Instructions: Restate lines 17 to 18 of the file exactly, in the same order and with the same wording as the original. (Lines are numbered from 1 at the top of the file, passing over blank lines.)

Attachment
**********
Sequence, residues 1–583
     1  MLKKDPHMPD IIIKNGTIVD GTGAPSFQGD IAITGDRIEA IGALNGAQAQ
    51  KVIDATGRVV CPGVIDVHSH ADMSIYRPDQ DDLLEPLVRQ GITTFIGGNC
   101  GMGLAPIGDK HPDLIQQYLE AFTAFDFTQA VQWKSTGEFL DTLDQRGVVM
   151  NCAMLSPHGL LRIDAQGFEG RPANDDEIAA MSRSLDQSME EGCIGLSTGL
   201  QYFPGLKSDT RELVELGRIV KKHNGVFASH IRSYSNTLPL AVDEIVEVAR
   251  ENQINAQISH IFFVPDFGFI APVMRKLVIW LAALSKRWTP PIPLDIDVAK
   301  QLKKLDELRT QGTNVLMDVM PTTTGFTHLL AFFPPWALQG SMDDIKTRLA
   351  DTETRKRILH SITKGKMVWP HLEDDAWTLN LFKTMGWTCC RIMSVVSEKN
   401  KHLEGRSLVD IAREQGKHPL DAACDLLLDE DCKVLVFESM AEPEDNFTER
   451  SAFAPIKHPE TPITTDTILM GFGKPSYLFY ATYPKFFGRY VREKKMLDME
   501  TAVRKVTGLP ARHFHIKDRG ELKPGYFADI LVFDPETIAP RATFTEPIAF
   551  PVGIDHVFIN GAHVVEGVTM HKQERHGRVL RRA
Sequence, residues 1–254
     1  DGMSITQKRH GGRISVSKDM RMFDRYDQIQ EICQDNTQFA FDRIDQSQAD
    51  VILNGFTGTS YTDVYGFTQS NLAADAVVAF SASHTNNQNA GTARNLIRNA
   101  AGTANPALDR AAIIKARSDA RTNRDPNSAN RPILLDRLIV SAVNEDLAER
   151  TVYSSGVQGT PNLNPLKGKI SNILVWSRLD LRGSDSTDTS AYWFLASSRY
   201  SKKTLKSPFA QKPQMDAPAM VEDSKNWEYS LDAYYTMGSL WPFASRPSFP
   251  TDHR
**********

   101  AGTANPALDR AAIIKARSDA RTNRDPNSAN RPILLDRLIV SAVNEDLAER
   151  TVYSSGVQGT PNLNPLKGKI SNILVWSRLD LRGSDSTDTS AYWFLASSRY